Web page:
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Nissan GT-R R32 (ATTESA 4WD) on a Dynapack 4WD dyno

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Just tried dynoing a R32 on a Dynapack 4wd dyno and was getting weird results. Although the dyno does hold the engine at the correct RPM at the end of a ramp run (6000 rpm in my run), the plot only shows 4500 rpm. Figuring it was the ATTESA 4WD messing with the dyno, I tried increasing/decreasing torque sent to the front wheels through a controller box installed on the car and the plots ended up going all over the place.

Contacted Dynapack support and found out the if the front and rear hub are running at different speeds, the dyno will report a lower RPM since it uses the average hub speed. They did not provide any solution since they are not familar with the R32.

I have unplugged the wheel sensors at the front to force the car to run at 2WD for now but I fear as the tuning progress, the car will exceed the power limit of the dyno with just the rear hubs.

I have seen a number of R32s on a 4WD dynapack with all 4 wheels mounted. I'm sure those guys must have figured out a way to dyno properly under 4WD or they would not have mounted all 4 sides on the dyno?

Hey Jerry,

Behind the drivers kick panel there is a single wire white connector (sorry, I can't remember the colour of the wire). It puts the 4wd pump in bleed mode and does a pretty good job of locking the system up. This my help it keep everything even.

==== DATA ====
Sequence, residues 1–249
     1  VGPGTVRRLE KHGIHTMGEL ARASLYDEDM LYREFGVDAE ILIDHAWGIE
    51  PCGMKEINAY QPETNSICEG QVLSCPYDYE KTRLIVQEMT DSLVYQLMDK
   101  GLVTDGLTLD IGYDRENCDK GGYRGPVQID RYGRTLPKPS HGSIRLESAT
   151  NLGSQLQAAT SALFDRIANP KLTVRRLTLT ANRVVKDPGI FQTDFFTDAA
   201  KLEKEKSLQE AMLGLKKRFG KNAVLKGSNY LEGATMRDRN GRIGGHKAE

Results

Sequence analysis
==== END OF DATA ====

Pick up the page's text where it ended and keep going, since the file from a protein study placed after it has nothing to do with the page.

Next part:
There is also the very real possibilty that the system is not bled or functioning correctly? did you dive it at all before putting it on the dyno? or have you checked how bad the torque split is on the front to rear axle?

Hello Nathan,

Thank you for the feedback. The R32 is owned by my friend. Even though he is an aggressive driver, I am not sure whether he was able to tell whether the system is properly sending torque to the front while driving.

On the dyno, the front wheels simply stay stationery most of the time on a ramp run until half way through. I was alone while doing the first few tests in AWD mode and was busy monitoring the engine reading and status so I really only caught a glimpse of it in one of the runs so to provide more details, I'll have to put the car back in AWD mode and look at it again before reporting further details.

I was always under the impression that torque will only be sent to the front wheels when the ATTESA system thinks that it needs to send traction to the front wheels to help with traction and the other 80% of the time zero torque will be sent to the front. Or is this not true and there will always be some torque sent to the front? If the first assumption is true, the plug behind the kick panel will help lock it up I guess?

You can set your Dynapack display to show you torque or hub RPM on each pod. I've used that to diagnose problems with diffs when cold that are only spinning one wheel. I make sure everything is good and warmed up (included the pods) for repeatable test results.

So I would suggest you get the RPM on each hub reading the same using your torque controller box prior to starting a ramp run.

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